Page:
Regime change at Hollywood studios is almost always bloody. A new king or queen arrives and those loyal to the previous court lose their jobs.
But the guillotine has been dropping at Paramount Pictures with surprising speed, creating something of a panic inside the 109-year-old film company.
ViacomCBS, which owns Paramount, ousted Paramount’s chairman, James N. Gianopulos, on Sept. 13 and replaced him with Brian Robbins, a children’s television executive. By Sept. 17, Chris Petrikin, the studio’s respected executive vice president of global communications and corporate branding, had been shown the door. Emma Watts, president of the Paramount Motion Picture Group, was dismissed last week. And on Thursday, Paramount parted with its animation president, Mireille Soria.
Paramount declined to comment on the departures.
The speed with which Mr. Robbins is making changes reflects his personal style — forward charge! — and the vulnerable position in which Paramount and its corporate parent find themselves.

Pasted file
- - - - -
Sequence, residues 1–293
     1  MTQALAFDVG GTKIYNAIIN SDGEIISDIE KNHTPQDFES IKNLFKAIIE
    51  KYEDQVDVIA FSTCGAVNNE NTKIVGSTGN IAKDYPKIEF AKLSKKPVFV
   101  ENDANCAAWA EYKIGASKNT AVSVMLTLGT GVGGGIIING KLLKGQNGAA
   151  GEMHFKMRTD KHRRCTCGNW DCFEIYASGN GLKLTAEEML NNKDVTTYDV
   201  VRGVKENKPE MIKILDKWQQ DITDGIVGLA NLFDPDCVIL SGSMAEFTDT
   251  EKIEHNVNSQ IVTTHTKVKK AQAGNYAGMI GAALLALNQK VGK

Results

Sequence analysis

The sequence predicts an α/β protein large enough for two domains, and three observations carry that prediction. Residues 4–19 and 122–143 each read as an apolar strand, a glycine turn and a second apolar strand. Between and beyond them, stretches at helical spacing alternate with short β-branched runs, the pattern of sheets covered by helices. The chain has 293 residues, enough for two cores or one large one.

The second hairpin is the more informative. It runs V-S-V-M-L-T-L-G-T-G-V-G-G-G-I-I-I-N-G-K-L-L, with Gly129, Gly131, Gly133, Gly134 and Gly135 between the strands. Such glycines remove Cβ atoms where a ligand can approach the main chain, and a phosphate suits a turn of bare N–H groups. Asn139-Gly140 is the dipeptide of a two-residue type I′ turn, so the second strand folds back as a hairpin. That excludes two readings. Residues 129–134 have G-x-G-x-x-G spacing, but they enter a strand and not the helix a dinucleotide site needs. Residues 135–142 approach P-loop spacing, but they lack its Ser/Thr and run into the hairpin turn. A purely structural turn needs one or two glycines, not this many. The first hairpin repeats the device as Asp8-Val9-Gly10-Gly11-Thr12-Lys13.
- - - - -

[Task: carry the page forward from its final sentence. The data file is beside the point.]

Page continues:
Paramount was once the most powerful studio in Hollywood, delivering culture-defining films like “The Godfather,” “Grease,” “Raiders of the Lost Ark,” “Forrest Gump” and “Beverly Hills Cop.” But severe mismanagement in the 2010s left it on life support. Mr. Gianopulos pulled it back from the brink, but the studio remains an also-ran, with many analysts viewing it as unequipped to compete with franchise-rich competitors like Disney and Universal.
Similarly, ViacomCBS ranks as a small player in the streaming business that has come to dominate the media industry. Mr. Robbins, who has online entertainment experience on his résumé and little attachment to calcified Hollywood business models, was installed at Paramount because ViacomCBS wants the studio to prioritize streaming distribution for films — in particular, feeding content to Paramount+, the conglomerate’s nascent streaming service.
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